Mama is holding Deb. Greta is beside her. And I’m on the end. Deb and I were 4 months old in this picture.
It’s hard to believe that it has been six years since the last Mother’s Day I spent with Mama. It seems like a minute ago on one hand and like an eternity on the other.
There is not a time when I don’t miss her, wondering what she would say or think about things with us kids, her grandkids, the world. In many ways, just like with Daddy, I’m glad she’s been spared the last six years. Continue reading →
It’s the little things that I think and dream about now that Mama is gone. Some of them are real and some, those in my dreamworld, are reconfigured to how I wished or hoped they had turned out.
As time passes between my parents’ deaths, I find more and more Daddy and Mama are together, the two of them and sometimes with my sisters and and sometimes just with me, but we all seem to be younger, when our lives were more together than they are now and we shared the little things that glued us together. Continue reading →
Today (August 14, 2016) marks four years since Mama died. It was a Tuesday then. At 5:50 pm, Mama took her last breath.
She went into what would be her death sleep around 1 pm on Sunday, August 12, 2014, with her last words of “I guess they’re going to throw me out now,” suffering, I think, the final heart attack that led to her death.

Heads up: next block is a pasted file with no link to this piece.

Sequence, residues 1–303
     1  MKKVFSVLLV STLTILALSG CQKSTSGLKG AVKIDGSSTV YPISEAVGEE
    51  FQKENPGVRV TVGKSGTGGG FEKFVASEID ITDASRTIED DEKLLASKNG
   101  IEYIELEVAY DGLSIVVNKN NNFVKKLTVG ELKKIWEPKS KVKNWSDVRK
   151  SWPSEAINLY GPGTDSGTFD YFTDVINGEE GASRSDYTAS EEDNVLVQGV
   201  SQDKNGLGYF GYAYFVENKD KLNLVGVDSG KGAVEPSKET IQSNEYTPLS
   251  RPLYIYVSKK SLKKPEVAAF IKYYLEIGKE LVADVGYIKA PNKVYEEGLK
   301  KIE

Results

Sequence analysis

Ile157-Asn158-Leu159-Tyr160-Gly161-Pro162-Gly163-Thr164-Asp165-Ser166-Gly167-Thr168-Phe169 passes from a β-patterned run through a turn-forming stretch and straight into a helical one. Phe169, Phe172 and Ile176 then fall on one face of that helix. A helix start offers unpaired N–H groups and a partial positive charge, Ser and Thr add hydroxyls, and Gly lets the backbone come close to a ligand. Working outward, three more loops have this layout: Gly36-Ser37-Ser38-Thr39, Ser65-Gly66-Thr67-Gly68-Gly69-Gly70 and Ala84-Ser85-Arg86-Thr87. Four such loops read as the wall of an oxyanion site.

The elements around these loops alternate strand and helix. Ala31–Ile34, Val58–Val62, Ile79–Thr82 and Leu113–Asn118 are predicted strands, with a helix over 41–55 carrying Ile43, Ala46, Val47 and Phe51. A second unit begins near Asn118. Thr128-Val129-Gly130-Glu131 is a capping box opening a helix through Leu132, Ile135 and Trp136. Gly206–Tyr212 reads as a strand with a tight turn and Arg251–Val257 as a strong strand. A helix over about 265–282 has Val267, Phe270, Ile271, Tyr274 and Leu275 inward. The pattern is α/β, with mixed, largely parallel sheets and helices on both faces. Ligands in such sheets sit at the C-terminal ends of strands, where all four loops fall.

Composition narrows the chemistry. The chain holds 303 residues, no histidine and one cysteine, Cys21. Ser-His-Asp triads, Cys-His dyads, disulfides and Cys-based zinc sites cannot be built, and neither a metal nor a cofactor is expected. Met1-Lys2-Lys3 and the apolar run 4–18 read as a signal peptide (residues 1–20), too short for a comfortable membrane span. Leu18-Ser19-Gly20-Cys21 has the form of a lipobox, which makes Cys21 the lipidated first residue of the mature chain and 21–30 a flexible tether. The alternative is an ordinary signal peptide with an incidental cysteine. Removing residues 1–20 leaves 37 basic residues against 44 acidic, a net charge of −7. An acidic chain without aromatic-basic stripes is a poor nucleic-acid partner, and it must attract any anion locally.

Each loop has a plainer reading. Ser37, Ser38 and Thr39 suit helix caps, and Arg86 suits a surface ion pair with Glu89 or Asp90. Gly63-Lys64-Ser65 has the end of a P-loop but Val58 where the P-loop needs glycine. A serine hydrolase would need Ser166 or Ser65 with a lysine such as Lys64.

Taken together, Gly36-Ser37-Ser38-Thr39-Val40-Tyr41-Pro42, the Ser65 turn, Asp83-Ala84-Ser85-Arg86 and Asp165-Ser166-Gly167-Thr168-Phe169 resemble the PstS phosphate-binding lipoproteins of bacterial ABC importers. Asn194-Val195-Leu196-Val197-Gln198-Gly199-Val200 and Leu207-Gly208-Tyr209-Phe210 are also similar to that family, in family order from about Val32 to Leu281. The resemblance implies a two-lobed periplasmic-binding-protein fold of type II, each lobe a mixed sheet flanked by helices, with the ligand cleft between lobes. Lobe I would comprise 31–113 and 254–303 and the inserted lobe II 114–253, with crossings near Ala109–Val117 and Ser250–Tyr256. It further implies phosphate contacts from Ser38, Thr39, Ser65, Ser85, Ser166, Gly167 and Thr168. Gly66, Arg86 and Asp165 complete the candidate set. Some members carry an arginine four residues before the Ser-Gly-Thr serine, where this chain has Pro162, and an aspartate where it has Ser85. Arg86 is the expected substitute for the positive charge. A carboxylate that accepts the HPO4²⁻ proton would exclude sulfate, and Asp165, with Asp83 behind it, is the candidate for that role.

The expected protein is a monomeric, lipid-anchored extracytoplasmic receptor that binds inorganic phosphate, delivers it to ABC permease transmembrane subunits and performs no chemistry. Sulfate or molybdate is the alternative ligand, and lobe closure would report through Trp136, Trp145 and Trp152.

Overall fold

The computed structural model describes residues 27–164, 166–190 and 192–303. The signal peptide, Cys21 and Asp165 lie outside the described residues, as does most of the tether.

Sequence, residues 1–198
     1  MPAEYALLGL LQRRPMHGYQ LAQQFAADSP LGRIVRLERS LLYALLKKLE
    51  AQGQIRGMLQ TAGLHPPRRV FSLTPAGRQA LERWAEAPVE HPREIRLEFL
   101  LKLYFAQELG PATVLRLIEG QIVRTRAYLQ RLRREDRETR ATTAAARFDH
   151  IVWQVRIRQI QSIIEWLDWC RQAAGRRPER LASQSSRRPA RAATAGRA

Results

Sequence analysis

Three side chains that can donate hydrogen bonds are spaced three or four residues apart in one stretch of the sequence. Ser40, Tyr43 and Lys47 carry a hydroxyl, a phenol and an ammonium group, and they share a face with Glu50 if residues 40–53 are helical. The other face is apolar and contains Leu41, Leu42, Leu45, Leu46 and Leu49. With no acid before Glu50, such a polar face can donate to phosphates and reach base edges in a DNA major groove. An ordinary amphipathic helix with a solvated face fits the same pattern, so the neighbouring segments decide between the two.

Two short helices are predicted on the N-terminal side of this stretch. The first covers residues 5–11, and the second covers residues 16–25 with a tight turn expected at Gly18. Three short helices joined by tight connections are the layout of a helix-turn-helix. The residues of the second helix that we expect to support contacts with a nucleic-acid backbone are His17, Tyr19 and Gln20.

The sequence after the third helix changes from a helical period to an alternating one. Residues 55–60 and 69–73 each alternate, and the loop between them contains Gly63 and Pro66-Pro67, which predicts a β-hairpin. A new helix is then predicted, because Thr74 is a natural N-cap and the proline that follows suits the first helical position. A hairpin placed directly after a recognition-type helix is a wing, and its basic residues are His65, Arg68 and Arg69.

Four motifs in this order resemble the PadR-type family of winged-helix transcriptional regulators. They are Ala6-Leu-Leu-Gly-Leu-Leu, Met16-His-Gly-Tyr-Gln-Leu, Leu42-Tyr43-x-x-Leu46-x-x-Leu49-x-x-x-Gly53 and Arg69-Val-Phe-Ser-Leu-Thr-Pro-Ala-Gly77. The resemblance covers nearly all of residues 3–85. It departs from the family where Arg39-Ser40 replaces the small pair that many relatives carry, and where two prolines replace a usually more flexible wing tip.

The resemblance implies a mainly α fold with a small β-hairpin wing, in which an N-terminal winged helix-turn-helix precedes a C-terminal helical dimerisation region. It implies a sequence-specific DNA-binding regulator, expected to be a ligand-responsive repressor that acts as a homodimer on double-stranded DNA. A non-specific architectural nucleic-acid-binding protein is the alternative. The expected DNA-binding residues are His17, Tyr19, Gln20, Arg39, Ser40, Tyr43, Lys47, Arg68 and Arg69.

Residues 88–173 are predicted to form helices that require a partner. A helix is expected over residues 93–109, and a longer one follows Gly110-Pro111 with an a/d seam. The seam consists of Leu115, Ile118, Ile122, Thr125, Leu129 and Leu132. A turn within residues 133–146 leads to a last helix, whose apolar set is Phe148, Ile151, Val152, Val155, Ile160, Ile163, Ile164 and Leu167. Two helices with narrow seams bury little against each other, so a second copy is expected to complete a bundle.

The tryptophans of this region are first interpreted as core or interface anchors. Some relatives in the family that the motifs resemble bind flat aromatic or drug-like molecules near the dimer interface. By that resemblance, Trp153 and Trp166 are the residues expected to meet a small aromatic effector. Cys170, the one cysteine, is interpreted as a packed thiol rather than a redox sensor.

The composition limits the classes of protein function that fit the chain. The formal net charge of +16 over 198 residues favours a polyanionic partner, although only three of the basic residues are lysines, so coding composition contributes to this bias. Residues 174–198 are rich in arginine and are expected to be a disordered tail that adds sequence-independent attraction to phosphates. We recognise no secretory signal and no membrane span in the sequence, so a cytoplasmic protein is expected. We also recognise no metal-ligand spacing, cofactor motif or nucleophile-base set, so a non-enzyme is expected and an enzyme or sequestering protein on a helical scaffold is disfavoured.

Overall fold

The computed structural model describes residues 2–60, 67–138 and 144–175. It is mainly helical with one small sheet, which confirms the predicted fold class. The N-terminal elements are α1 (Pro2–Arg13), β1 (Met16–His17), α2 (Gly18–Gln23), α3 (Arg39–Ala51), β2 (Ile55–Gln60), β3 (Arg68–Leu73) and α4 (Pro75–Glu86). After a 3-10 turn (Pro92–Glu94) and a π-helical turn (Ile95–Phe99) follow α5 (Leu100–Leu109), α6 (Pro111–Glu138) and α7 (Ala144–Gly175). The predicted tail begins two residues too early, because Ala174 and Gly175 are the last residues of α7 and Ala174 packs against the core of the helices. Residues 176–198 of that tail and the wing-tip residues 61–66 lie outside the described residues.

I assured her that I was not throwing her out, that she was home, and I loved her. It took me several months and writing Fields of Gold: A Love Story before I realized that Mama was back at nursing school at East Tennessee State University, unable to follow all the instructions she was given because of a congenital hearing loss, about to be dismissed from the program because she could not hear the doctors when her back was turned to them (she compensated for her hearing impairment by masterfully reading lips, even with hearing aids, most of her life). Continue reading →
There are many forms of abuse that humans can inflict on other humans. We see these kinds of abuse – and sometimes experience them ourselves by being on the receiving end – in action on a daily basis in the world around us.
While you and I may be strong enough, savvy enough, knowledgeable enough, and aware enough to recognize and prevent (or avoid or remove ourselves from) these manifestations of abuse, the most vulnerable people in our human family – children and the elderly – are often the most susceptible to and unable to protect themselves from these kinds of abuse. Continue reading →
Sixty years ago today at 4 p.m. in Unaka Avenue Baptist Church in Johnson City, Tennessee, my parents, Ned Moses Ross and Muriel June Foster, in front of a few family and friends, took their vows of marriage to each other, for better or worse, for richer or poorer, in sickness and in health for as long as they both lived.
Although neither of them on that day could have imagined how their lives together would unfold, testing along the way the strength of the unconditional commitment they made to each other, my daddy and my mama were lovingly faithful throughout their union to their promise before God and their promise to each other. Continue reading →